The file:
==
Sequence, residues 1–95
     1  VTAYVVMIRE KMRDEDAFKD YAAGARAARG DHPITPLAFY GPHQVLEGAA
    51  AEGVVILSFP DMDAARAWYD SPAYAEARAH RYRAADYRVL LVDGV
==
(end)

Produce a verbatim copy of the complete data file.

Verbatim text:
Sequence, residues 1–95
     1  VTAYVVMIRE KMRDEDAFKD YAAGARAARG DHPITPLAFY GPHQVLEGAA
    51  AEGVVILSFP DMDAARAWYD SPAYAEARAH RYRAADYRVL LVDGV